3631: A Solo Cycling Journey Across America
February 22 - March 22, 2019
Artist Reception February 22, 6-8:30pm
(Denver) Lawyer, amateur photographer, and erstwhile ceramics and metal artist, Randall Sampson hadn’t owned a bicycle for almost a quarter-century when, in the summer of 2017, he purchased a used road bike and rekindled his long-dormant love of cycling during frequent round-trip rides between his Denver home and Boulder. With his planned 2018 retirement in mind, that initial reintroduction to cycling was followed by the purchase of a touring bike, trips to the gym, and the development of plans for a coast-to-coast solo cycling adventure. The upcoming exhibit, “3631: A Solo Cycling Journey Across America” chronicles his trip to the lonely reaches of the northern United States and Ontario, Canada via photographs and written narrative. It will be on view from February 22 – March 22, 2019 at Niza Knoll Gallery, 915 Santa Fe Drive, in conjunction with the state-wide, Month of Photography celebration. The public is invited to an Artist Reception on Thursday, Feb 22 from 6-8:30 and to view the show during regular Winter Hours, 1 to 4 pm Wednesday through Saturday, First and Third Friday, 4 to 8 pm.
Sampson’s journey began alone on August 1, 2018, at the ferry terminal in Anacortes, Washington, and ended, after traveling the northern United States and Ontario, Canada, including the Cascade mountains of Washington, the northern plains, the upper Midwest, the north shore of Lake Erie, the Erie Canal, New England and more, exactly 75 days later, in Portland, Maine, among friends.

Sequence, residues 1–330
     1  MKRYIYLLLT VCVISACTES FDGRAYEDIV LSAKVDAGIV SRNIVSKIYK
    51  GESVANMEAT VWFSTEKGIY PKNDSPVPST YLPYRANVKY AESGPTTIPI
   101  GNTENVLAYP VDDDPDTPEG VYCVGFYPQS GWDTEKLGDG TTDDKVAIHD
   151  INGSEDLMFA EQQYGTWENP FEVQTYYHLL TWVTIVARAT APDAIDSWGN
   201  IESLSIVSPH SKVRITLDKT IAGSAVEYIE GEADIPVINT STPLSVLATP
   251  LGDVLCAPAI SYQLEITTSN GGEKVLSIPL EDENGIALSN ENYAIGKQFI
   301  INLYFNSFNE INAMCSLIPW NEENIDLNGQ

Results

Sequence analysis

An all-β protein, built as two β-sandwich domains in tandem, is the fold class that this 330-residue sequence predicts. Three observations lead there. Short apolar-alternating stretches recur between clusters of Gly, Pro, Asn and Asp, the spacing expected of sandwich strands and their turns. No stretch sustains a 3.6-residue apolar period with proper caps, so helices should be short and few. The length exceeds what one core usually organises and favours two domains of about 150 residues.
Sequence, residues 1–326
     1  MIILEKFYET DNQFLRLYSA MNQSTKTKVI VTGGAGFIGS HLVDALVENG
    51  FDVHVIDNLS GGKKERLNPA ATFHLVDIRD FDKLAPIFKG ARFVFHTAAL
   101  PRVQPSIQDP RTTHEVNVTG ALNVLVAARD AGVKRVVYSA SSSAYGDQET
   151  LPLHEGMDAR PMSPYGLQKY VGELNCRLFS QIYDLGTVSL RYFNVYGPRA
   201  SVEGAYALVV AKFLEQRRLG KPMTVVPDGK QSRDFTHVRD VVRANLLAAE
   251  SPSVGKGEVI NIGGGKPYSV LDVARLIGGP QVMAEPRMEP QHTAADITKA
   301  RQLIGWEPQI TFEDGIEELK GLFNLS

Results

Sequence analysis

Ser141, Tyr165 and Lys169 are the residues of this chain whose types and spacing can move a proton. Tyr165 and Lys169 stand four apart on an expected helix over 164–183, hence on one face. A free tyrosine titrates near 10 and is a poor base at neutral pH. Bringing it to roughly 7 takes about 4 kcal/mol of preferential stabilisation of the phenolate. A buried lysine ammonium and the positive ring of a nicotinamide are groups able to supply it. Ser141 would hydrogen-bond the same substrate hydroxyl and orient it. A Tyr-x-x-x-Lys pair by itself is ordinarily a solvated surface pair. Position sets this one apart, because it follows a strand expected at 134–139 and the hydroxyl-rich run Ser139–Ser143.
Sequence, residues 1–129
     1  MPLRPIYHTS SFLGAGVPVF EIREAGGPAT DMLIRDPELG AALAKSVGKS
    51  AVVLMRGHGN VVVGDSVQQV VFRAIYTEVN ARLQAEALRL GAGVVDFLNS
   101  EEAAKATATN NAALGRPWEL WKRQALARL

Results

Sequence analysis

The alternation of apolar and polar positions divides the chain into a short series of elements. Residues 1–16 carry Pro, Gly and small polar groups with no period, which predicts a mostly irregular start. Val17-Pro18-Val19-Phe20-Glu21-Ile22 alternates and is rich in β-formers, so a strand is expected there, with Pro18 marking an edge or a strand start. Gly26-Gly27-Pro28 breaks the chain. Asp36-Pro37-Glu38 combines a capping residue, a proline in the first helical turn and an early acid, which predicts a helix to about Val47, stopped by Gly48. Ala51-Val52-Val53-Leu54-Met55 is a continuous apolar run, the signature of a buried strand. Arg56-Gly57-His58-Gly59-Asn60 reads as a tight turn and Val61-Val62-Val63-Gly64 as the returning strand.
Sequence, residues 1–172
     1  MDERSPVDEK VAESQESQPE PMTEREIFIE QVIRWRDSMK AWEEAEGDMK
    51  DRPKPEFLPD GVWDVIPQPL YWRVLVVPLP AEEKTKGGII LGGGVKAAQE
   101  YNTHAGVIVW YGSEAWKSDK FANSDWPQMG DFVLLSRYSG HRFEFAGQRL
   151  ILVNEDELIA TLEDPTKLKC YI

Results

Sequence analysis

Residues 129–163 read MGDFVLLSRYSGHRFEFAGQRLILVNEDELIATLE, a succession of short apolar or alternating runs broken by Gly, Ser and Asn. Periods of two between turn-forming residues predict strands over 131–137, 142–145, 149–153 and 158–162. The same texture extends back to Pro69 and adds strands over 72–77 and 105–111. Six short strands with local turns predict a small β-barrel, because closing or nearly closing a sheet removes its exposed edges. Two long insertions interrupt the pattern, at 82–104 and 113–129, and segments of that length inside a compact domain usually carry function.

Sampson takes us along on his travels through his photographs and supplementary narrative excerpts that feature insights and anecdotes. Unlike past expeditions, he purposefully did not have professional camera equipment in tow—only his iPhone camera. It’s important for the viewer to remember that Sampson embarked on this journey not as an artistic endeavor, but rather as a life endeavor or “bucket-list” item. He hopes that the photographs in this exhibition are enhanced and informed by, rather than diminished by, this knowledge and thus are received in the spirit of chronicling a small, but very meaningful, sliver of his life. Given the context of a bike-trip, most images are the product of a very brief stop on the shoulder of a road. Many—perhaps better—photographs not taken, were lost to real or perceived pressures of time, the lack of safety in the moment, or a reluctance, say, to interrupt the hard work of slogging up a mountain pass.
Niza Knoll Gallery
915 Santa Fe Dr,
Denver, CO 80204